If you are in your 40s, chances are you've tried your hand at budgeting at least once. As you approach midlife, reviewing your finances and budget helps assess which financial goals you and your spouse have reached and which need more work. As with all personal budgeting exercises, begin by calculating your household income after taxes and withholdings. Total all monthly expenses. Your net income minus total expenses is your discretionary income. Forty-somethings should use these funds to pay down debt, increase savings, protect assets already accumulated and enjoy life.
Pay Down Debt
Budgets for people in their 40s should include extra payments to reduce interest expenses when possible. Though retirement may be 20 years or more away, making extra payments while in your peak earning years saves significant interest charges. Take a close look at entertainment expenses that may have crept up over the years. Reduce or replace them with less expensive options. Consider replacing gym memberships, cable television packages and restaurant meals with less costly alternatives to pay down your debt more quickly.
By the age of 40, most people understand the importance of saving for the future. If you haven't already started, begin budgeting for an emergency expense fund of at least three months of living costs. Use this money when unexpected expenses occur, in the event of a job loss or for unexpected medical treatments. Begin or increase retirement savings immediately if you aren't already contributing the maximum allowed. Parents may choose to budget for college savings to help supplement any grants or loans their children receive.
Twenty- and 30-somethings may scoff at life insurance, but 40-somethings begin to see friends and family members suffer medical issues that cause significant financial impact. Protect the assets you accumulate by budgeting for adequate insurance coverage. Be prepared for increased premiums based on your age and coverage. This is especially important for families with a stay-at-home parent who won't have an income source if the wage-earning spouse dies.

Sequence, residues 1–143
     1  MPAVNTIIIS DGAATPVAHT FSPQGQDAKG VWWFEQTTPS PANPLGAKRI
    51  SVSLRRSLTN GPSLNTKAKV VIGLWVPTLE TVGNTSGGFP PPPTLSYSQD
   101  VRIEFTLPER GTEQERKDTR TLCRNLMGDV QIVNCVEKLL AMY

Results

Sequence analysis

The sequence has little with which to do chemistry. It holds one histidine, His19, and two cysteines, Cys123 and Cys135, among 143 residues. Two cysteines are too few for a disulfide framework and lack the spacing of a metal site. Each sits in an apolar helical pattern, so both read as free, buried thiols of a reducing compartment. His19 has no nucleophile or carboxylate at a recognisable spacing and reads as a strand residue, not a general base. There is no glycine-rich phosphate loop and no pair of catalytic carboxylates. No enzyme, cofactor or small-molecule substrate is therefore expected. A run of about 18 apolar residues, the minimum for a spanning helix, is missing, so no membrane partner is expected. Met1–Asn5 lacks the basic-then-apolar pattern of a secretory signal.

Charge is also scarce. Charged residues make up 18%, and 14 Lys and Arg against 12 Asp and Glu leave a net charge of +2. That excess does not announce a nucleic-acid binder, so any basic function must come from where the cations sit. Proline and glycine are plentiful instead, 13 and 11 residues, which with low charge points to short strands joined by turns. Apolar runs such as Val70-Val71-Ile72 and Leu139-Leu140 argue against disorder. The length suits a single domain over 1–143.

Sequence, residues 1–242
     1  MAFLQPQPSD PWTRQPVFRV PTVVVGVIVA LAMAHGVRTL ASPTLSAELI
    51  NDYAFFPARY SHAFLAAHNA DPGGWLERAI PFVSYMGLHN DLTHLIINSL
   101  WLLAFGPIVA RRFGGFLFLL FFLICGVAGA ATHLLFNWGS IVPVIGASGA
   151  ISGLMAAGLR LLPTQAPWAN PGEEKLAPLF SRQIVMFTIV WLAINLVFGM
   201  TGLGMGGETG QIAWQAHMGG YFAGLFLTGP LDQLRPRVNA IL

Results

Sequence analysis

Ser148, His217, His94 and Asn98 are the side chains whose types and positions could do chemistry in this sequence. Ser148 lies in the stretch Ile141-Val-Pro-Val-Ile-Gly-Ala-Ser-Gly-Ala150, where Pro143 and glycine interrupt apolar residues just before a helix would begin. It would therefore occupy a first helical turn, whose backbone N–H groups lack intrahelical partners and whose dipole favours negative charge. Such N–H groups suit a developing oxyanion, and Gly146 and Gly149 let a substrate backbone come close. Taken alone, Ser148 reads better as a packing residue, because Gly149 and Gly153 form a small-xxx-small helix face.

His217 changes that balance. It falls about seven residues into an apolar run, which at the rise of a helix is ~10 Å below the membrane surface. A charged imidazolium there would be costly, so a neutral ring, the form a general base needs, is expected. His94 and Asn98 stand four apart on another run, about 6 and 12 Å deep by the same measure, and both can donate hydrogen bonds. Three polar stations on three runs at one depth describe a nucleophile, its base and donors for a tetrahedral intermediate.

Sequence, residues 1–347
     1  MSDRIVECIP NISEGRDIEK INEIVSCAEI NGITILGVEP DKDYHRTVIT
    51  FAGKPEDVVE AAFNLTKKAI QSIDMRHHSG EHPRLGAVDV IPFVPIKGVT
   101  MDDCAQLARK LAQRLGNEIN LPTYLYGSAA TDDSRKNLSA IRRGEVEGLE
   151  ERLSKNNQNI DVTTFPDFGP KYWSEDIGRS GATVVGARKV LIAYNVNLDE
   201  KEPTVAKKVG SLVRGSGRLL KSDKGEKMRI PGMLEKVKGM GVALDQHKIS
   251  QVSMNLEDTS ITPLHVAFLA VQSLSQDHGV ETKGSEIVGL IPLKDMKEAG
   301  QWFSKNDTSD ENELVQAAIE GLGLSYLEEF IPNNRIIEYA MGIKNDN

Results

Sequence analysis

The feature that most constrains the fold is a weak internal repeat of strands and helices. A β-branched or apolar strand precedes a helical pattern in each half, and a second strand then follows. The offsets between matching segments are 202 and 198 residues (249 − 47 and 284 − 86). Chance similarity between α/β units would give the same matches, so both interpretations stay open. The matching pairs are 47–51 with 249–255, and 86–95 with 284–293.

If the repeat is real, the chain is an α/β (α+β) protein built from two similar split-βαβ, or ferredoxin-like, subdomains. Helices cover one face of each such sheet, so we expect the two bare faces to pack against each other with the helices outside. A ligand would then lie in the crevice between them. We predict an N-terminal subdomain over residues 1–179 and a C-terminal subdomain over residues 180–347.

While budgets for younger families often show little or no discretionary income, by your 40s there may be money left over at the end of each month. As a couple, discuss your family goals to decide how to use this money. Identify two or three goals and incorporate them into your budget. For example, increase a monthly mortgage payment, add to your retirement contributions, or set up a savings account for a family vacation. Split the funds and do all three. While retirement is visible in the distance even as college tuition looms on the horizon, those of in their 40s understand that life moves quickly and budgets should include setting aside funds for fun.
A former financial adviser with more than a decade of experience in personal finance and small business banking, Sarita Harbour is a professional writer specializing in personal finance, small business, technology, and content marketing techniques. Her writing appears online at sites such as Yahoo! Homes and Bob Vila. Harbour holds a bachelor's degree in psychology and computer science from the University of Guelph and the Personal Financial Planning designation from the Institute of Canadian Bankers.